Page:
Systemic Arterial Pressure - Autonomic Control

Overview
  • Second-to-minute regulation of the systemic arterial pressure is ultimately modulated by the autonomic nervous system under the control of the vasomotor center. Thus, the autonomic nervous system forms the output arm of the feedback control circuit which is the primary controller of short-term systemic arterial pressure regulation. Both the sympathetic and parasympathetic components of the autonomic nervous system are involved in arterial pressure control although the Sympathetic is far more influential. We describe the cardiovascular effects of each arm separately and then describe how they are coordinated as a unit to modulate systemic arterial pressure.
Sympathetic Nervous System Regulation
  • Overview
    • The Sympathetic Nervous System (SNS) innervates the heart as well as the arterioles and veins of a wide variety of tissues. Activation of the SNS by the vasomotor center results in a nearly body-wide modulation of all three of these components, together serving to boost the systemic arterial pressure as described below. Importantly, it appears that base-line SNS tone is critical for maintenance of the resting systemic arterial pressure. Thus, merely inhibiting the SNS can result in a reduction in blood pressure whereas activation beyond the baseline tone can result in near doubling of the systemic arterial pressure.
  • Arteriolar Effects
    • SNS fibers release norepinephrine on the arteriolar vascular smooth muscle, resulting in arteriolar vasoconstriction. This reduces the arteriolar diameter and as a result increases the arteriolar resistance to blood flow
    • Because this is coordinated on a body-wide scale by the SNS, this results in increased systemic vascular resistance.
  • Venous Effects
    • SNS fibers also release norepinephrine on the venous vascular smooth muscle, resulting in venoconstriction. Recall from venous physiology that the veins normally possess a large reservoir of the body's blood volume. Venoconstriction results in a reduction in the vascular compliance of the veins and thus reduces the volume of blood they can accommodate at low pressures. Consequently, SNS activity results in the veins pushing reservoir blood volume into the heart, increasing its preload and in consequence boosting the cardiac output courtesy of the Frank-Starling Relationship.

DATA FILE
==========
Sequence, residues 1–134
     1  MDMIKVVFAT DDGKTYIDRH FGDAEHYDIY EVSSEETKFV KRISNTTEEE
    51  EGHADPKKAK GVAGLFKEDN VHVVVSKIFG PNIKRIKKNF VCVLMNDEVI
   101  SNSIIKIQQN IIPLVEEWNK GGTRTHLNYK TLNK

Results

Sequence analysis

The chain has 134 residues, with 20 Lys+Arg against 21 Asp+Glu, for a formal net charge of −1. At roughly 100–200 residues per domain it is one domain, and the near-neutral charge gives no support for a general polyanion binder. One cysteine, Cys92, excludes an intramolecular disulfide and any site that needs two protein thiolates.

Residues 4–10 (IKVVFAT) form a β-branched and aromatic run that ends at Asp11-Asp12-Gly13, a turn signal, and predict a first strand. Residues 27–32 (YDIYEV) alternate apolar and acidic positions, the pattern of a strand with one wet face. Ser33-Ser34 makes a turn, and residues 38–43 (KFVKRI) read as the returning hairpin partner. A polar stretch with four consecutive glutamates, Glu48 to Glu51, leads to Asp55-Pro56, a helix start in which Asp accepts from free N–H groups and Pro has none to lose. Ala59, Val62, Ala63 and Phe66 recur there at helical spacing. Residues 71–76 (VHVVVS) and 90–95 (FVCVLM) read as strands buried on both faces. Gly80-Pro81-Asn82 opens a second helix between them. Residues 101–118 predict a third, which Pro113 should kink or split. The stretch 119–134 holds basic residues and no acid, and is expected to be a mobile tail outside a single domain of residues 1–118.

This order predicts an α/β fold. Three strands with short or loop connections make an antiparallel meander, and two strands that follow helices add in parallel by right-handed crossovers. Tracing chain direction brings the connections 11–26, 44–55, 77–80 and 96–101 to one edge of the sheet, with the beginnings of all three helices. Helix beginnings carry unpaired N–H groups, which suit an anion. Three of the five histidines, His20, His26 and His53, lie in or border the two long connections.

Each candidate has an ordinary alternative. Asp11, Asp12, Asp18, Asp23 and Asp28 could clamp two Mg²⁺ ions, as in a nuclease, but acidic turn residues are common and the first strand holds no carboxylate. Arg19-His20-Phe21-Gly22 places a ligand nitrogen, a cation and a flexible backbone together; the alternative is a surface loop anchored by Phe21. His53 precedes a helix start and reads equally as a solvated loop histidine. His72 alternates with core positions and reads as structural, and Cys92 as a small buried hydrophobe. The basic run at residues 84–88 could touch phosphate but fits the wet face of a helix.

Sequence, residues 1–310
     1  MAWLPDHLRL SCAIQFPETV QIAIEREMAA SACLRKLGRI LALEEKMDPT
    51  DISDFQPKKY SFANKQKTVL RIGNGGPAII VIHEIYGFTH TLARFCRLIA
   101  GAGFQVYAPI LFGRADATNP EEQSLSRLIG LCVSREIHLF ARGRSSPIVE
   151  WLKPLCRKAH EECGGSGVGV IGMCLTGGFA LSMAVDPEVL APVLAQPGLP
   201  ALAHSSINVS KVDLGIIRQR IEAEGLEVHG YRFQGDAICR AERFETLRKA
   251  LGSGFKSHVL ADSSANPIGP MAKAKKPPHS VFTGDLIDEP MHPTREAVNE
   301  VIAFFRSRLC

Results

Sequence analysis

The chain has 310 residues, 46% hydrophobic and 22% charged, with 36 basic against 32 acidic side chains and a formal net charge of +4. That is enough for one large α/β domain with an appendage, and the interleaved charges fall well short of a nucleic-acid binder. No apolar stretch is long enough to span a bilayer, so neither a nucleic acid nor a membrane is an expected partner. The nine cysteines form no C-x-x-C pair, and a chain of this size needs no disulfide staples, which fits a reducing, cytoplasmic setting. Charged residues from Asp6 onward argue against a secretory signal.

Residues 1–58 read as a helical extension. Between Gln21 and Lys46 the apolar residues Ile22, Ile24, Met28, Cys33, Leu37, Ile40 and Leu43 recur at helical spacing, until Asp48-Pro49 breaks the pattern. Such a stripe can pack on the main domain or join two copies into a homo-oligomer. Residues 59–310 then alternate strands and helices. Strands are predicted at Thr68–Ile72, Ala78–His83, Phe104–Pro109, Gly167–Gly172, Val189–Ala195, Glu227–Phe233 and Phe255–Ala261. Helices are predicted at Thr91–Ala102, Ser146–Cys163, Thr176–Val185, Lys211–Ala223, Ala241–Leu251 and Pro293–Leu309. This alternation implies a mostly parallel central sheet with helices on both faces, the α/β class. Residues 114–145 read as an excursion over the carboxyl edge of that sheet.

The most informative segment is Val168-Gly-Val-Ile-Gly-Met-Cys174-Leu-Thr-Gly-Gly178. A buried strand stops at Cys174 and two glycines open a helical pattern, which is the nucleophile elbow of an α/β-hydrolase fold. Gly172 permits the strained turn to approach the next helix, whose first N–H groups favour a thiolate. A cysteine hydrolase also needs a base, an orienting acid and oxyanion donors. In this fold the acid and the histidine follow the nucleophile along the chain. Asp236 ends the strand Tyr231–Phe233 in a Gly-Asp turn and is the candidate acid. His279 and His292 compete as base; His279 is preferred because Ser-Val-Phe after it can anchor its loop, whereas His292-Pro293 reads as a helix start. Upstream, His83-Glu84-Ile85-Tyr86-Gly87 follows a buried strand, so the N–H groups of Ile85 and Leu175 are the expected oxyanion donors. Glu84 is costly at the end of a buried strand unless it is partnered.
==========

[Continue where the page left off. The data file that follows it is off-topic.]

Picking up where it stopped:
• Cardiac Effects
    • As described more fully in autonomic cardiac regulation SNS innervation to the heart serves to increase cardiac heart rate and contractility. These two effects together serve to increase cardiac output.
Parasympathetic Nervous System Regulation
  • In terms of cardiovascular impact, the parasympathetic nervous system appears to functionally innervate the heart with little control over the circulation. As described more fully in Autonomic Cardiac Regulation, parasympathetic fibers release acetylcholine on muscarinic receptors in the heart which serve to reduce the heart rate and slightly reduce contractility. Together, these effects reduce the cardiac output.
Coordination
  • The Vasomotor Center ultimately controls the above-mentioned effects of the SNS and PNS in a coordinated fashion to increase or decrease the systemic arterial pressure. Thus, decrements in PNS activity are matched with increments of SNS activity, and vice-versa, so that a unified, body-wide response is achieved. Again, it is important to point out that in a resting individual, there is a base-line SNS tone which is responsible for some of the resting systemic arterial pressure. Thus, reductions in systemic arterial pressure are first achieved by inhibition of the SNS and then further reduced by activation of the PNS. Increased arterial pressure above the resting pressure is achieved solely by enhancing SNS tone.
Effects on Systemic Arterial Pressure
  • Overview
    • The Systemic Arterial Pressure is ultimately dependent on the cardiac output and the systemic vascular resistance. Formally, Systemic Arterial Pressure = Cardiac Output x Systemic Vascular Resistance. This is merely the rearrangement of the more general equation described in hemodynamic integration applied on a body-wide scale. Here, the cardiac output is simply the total-body blood flow volume, the systemic vascular resistance is the total-body resistance, and the systemic arterial pressure is roughly equivalent to the total-body, systemic blood pressure gradient since venous pressure is very close to zero.
  • Effects of SNS Activity
    • As described above, SNS tone boosts both the systemic vascular resistance and the cardiac output. In this way, SNS tone results in increased arterial pressure.
  • Effects of PNS Activity
    • As describe above, PNS tone reduces cardiac output. In this way, PNS tone, together with reduced SNS tone, can potently reduce arterial pressure.